For what’s next, I proposed MIRIN, AMM V3, in late December of last year and it’s about attracting the many “sleeping” funds sitting on centralized exchanges to our liquidity providing program, through “Franchised Pools.” I think this kind of innovation will give Sushi the edge over other DeFi protocols.
Most people would think that whether or not an exchange is centralized or decentralized, they are, at their core, both exchanges and, therefore, are in competition. I believe that there is more opportunity for growth for Sushi by collaborating with centralized exchanges, rather than pitting ourselves against them.
Mirin, AMM V3, will be the answer to not limiting Sushi to only DeFi and will be the core differentiating factor from competitors such as PancakeSwap. I want to see Sushi become the most popular financial tool in the cryptocurrency space and I’m sure our community feels the same. With these innovations, our team of talents and our community support system, I am confident that we can achieve this.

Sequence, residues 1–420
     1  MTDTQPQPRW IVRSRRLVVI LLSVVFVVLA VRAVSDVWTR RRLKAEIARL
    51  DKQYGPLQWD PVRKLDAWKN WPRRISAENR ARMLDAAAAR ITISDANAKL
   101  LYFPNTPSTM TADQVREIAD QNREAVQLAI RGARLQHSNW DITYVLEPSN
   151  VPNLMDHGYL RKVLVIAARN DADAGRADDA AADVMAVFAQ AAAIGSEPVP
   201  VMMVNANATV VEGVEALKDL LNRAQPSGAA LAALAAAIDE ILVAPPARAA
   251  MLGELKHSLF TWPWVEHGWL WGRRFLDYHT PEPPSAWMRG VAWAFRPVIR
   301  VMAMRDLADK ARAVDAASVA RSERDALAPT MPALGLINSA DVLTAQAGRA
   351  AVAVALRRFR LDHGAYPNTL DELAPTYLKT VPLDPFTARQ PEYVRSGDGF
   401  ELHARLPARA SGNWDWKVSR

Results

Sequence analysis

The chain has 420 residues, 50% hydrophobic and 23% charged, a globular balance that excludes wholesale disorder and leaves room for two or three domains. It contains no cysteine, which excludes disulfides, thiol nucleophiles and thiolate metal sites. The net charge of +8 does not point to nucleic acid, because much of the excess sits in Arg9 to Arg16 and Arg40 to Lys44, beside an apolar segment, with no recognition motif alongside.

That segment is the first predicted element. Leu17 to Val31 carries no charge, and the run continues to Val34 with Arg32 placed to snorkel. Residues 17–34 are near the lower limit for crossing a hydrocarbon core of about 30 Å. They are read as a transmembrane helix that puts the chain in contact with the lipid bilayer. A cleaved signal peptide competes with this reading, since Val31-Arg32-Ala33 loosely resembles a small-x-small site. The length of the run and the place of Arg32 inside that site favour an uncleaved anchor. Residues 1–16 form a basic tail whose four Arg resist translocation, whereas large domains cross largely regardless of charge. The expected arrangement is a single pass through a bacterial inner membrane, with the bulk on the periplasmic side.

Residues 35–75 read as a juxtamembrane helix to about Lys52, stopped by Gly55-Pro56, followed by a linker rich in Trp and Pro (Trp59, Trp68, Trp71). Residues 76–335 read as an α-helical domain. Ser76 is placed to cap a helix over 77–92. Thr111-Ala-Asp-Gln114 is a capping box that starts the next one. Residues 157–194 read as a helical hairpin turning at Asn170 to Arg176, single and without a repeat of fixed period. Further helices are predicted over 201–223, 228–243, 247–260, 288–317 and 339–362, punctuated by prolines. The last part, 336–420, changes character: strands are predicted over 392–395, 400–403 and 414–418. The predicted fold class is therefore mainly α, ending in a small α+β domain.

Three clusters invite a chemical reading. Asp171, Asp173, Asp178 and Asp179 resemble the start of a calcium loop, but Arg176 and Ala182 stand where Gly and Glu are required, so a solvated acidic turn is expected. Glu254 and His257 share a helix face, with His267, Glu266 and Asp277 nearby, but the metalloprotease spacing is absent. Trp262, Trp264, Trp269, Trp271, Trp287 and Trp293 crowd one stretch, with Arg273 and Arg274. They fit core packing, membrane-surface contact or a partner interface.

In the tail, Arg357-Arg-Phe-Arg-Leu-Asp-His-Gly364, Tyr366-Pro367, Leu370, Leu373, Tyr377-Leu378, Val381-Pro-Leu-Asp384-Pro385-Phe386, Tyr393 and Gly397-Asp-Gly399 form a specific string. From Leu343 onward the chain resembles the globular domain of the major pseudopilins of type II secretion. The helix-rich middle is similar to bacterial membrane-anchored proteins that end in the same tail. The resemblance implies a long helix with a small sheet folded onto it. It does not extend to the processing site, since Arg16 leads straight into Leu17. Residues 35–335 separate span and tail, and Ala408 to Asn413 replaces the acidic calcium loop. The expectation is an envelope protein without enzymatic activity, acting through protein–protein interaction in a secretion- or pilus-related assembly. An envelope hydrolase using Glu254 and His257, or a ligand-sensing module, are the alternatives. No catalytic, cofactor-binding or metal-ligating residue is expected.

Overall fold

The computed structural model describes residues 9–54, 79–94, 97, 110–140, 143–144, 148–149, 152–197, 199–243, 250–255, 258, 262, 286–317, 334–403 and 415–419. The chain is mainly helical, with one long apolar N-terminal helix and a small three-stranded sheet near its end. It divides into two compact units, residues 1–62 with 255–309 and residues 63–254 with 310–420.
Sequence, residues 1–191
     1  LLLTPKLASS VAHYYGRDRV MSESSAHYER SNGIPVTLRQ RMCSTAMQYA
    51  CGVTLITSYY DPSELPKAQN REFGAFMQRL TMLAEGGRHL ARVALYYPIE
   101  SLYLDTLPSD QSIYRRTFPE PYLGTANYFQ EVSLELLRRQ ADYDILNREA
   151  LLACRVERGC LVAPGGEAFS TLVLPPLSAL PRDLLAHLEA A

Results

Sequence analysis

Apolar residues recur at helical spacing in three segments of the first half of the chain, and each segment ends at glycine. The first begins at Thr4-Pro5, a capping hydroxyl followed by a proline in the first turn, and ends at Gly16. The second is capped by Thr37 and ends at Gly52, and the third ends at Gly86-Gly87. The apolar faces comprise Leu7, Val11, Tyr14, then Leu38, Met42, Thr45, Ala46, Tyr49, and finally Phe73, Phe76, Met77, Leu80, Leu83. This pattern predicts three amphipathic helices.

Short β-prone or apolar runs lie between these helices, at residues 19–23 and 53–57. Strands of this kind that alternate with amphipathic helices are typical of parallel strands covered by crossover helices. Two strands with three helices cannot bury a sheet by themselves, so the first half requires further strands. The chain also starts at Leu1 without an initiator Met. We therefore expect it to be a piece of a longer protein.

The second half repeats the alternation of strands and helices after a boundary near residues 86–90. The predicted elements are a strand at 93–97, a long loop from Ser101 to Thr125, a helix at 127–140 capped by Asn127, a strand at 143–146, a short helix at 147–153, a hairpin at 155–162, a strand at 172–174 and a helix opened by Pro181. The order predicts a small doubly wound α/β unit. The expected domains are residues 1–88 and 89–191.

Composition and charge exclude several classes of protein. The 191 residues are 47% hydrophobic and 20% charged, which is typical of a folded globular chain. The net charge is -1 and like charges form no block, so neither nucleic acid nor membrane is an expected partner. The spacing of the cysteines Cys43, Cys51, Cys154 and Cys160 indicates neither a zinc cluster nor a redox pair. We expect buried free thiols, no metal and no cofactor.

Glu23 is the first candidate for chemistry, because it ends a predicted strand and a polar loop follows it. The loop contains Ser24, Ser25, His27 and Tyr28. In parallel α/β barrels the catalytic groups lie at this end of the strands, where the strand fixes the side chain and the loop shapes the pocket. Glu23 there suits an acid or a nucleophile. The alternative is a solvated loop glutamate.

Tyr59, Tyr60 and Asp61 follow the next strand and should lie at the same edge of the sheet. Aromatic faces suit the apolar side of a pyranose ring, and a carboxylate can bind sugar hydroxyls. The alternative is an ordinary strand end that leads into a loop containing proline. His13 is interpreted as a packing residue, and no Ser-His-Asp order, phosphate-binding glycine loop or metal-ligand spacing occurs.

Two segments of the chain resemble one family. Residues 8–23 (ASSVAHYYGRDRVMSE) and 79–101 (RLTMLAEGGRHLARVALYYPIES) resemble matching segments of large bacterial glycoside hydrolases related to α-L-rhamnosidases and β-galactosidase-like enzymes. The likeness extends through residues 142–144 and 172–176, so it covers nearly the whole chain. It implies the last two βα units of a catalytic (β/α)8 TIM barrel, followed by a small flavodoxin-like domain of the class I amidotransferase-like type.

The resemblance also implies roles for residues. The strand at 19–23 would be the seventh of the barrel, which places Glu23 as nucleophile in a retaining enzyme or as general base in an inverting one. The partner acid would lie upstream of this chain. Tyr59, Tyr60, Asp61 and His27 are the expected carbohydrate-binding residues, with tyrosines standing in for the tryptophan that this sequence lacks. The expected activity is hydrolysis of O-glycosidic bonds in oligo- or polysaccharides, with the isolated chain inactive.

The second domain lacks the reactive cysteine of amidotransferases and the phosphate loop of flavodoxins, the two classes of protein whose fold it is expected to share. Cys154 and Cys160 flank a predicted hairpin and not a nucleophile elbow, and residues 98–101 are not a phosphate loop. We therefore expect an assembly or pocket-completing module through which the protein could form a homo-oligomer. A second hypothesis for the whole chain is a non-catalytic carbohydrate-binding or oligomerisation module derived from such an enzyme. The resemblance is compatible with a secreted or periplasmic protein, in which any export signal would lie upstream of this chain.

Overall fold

Can you reveal a bit more about Shoyu? Just a little teaser of your progress after your initial proposal?
Shoyu is a really collaborative effort with artists from around the world and from various artistic mediums. I think a lot of people will be surprised when more information comes out. What I can say is that 2.5% of every transaction will go to our xSUSHI holders, so really the value of xSUSHI is only getting started when we see all these innovative products being rolled out. It also supports migrate functionality of the Uniswap V3 LP. This is exciting because Uniswap doesn’t give UNI governance tokens to LPs anymore, but we do… In SUSHI, that is.
To be a part of the Sushi team or just be involved in DeFi in general, what kind of traits do you think someone needs?